Small School, Big Reputation
You might think that such a highly-ranked law school would be a vast institution with a large student body. That’s not the case:
- Yale has approximately 650 students.
- The student to faculty ratio is 7.9:1.
- Most classes have less than 20 students.
- Over 70 full-time faculty members teach at Yale.
- The number of visiting professors and fellows varies, but is usually around 50.
- New Haven, Connecticut, where Yale is located, has approximately 130,500 citizens.
Yale Law School has some impressive statistics when it comes to performance:
- Last year, student attrition was less than .5% in the 1L and 2L classes; no students dropped out in the third and fourth-year classes.
- Over 93% of Yale graduates passed the Bar last year.
- In 2013, Yale Law School is ranked #1 by U.S. News & World Report.
Famous Yale Law School alumni include:
- Former U.S. Presidents Gerald Ford and Bill Clinton
- Current Supreme Court Justices Samuel Alito, Sonia Sotomayor and Clarence Thomas
- Current U.S. Senators Michael Bennett (D-Colorado), Richard Blumenthal (D-Connecticut), Chris Coons (D-Delaware)
- Current U.S. Representative Eleanor Holmes Norton (D-Washington D.C.)
- Current governor of California, Jerry Brown
Yale Law School alumni also hold or have held positions as:
- U.S. Attorneys General
- U.S. Solicitors General
- U.S. Government cabinet-level officials
- Federal Court judges
- State politicians
- State judges
- City government officials
- U.S. diplomats
- International heads of state
- University presidents
- Law school deans
- Legal scholars
- Business leaders
- Military officers
Yale’s clinical programs are one of its main draws for students who want to gain a lot of practical experience during law school. Yale is unique in that:
- Even first-year law students are able to take clinics and appear in court.
- Students who participate in clinics work with real clients.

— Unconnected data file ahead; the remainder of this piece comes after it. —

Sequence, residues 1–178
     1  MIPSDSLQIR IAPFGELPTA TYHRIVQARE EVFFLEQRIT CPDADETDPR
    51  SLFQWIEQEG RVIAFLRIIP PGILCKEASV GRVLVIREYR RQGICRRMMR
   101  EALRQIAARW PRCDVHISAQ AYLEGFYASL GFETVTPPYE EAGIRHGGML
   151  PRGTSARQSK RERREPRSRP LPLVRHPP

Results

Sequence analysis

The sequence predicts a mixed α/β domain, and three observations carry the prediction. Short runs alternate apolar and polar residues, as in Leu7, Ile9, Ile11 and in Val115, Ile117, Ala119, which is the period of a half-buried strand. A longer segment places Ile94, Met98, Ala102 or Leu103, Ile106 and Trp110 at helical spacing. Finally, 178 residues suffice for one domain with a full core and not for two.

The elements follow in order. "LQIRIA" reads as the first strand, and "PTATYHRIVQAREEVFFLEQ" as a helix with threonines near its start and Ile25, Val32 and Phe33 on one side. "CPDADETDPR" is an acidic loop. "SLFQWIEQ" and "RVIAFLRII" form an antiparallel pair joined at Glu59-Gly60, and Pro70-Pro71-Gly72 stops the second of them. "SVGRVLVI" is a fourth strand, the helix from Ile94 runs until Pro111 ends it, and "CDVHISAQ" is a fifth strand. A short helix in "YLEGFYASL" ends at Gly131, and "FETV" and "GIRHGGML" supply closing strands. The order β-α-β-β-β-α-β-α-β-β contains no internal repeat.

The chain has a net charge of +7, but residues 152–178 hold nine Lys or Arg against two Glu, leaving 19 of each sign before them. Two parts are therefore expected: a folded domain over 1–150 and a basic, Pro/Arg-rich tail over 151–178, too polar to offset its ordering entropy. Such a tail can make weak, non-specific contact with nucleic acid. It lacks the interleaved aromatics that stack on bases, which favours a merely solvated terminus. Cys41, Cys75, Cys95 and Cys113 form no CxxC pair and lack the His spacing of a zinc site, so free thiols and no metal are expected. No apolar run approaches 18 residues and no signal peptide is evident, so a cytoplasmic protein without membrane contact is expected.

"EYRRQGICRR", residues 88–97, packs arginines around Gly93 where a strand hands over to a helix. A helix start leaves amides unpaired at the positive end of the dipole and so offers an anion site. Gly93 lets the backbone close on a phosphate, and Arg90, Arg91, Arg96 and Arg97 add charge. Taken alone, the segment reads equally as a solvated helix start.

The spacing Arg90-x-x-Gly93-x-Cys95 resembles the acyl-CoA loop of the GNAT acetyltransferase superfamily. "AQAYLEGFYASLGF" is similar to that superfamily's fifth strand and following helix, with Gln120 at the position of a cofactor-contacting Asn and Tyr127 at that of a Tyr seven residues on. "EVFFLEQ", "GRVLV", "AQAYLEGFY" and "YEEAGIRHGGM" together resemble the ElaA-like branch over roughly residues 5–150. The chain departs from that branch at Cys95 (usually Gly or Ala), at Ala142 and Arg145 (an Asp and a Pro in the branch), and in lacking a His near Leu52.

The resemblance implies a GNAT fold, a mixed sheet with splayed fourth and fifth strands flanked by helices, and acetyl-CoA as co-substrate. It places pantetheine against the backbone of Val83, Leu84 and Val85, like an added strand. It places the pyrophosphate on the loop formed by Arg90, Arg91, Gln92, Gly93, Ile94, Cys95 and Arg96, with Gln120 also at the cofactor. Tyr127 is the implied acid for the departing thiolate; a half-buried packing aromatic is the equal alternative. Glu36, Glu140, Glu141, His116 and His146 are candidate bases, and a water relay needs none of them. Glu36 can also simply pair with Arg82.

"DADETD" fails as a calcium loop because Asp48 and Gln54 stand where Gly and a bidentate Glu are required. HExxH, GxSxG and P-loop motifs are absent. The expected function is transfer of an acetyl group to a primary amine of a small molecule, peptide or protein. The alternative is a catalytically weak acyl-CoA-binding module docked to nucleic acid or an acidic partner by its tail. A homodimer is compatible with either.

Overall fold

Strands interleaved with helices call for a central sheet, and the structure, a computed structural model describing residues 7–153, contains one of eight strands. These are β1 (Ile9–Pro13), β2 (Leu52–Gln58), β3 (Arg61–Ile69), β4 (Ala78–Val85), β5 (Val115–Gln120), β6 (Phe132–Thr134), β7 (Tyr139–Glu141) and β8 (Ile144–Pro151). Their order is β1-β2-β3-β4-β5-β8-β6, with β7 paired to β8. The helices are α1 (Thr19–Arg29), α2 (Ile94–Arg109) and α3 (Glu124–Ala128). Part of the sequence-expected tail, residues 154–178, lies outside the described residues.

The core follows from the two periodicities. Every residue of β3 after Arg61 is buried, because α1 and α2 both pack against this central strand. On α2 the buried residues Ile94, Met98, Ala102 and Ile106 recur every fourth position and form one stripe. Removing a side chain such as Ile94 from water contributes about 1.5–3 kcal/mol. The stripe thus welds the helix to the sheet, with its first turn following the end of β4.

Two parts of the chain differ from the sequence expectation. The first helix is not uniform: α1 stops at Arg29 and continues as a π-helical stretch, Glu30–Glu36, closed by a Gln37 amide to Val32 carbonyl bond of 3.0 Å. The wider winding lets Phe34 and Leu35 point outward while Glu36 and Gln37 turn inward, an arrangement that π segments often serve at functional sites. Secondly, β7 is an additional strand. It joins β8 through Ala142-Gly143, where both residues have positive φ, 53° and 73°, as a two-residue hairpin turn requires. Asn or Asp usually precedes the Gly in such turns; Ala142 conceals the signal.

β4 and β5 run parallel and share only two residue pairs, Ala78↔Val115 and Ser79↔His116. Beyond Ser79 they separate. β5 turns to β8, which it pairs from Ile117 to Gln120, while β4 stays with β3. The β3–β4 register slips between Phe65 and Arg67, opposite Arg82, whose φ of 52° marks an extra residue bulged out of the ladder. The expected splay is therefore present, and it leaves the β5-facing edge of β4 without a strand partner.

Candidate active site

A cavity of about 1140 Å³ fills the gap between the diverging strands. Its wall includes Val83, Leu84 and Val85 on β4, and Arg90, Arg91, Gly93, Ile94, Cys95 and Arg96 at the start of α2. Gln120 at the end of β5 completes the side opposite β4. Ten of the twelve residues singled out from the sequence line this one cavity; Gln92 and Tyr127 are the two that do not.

- Faculty members mentor and supervise clinical program students.
- More than 20 different clinic opportunities are available.
Centers, Programs and Workshops
Opportunities abound for law students at Yale. Centers focus on specific global issues such as environmental law, human rights and corporate law.
Workshops are offered throughout the school year (some as often as weekly) and cover a broad range of topics, including:
- Law and Religion
- Legal History
- Legal Theory
- Dispute Resolution
- Workplace Theory
- Chinese Legal Reform
- Law and Finance
Other Facts About Yale
- As of 2013, full-time tuition at Yale is $51,350 for both resident and non-resident students.
- Approximately 80% of students receive partial scholarships or grants.
- The acceptance rate in 2012 was 8 percent.
- 48 percent of students at Yale Law School are female.
- 29.4 percent of students at Yale Law School are from underrepresented racial groups.
- Nearly 3,000 prospective students applied to Yale Law School for the 2015 academic year; 237 were offered acceptance.
As a prospective law student, you’ve probably heard how tough it is to get accepted to law school—and how difficult law school is once you get there. Students who are currently pursuing an undergraduate education might wonder: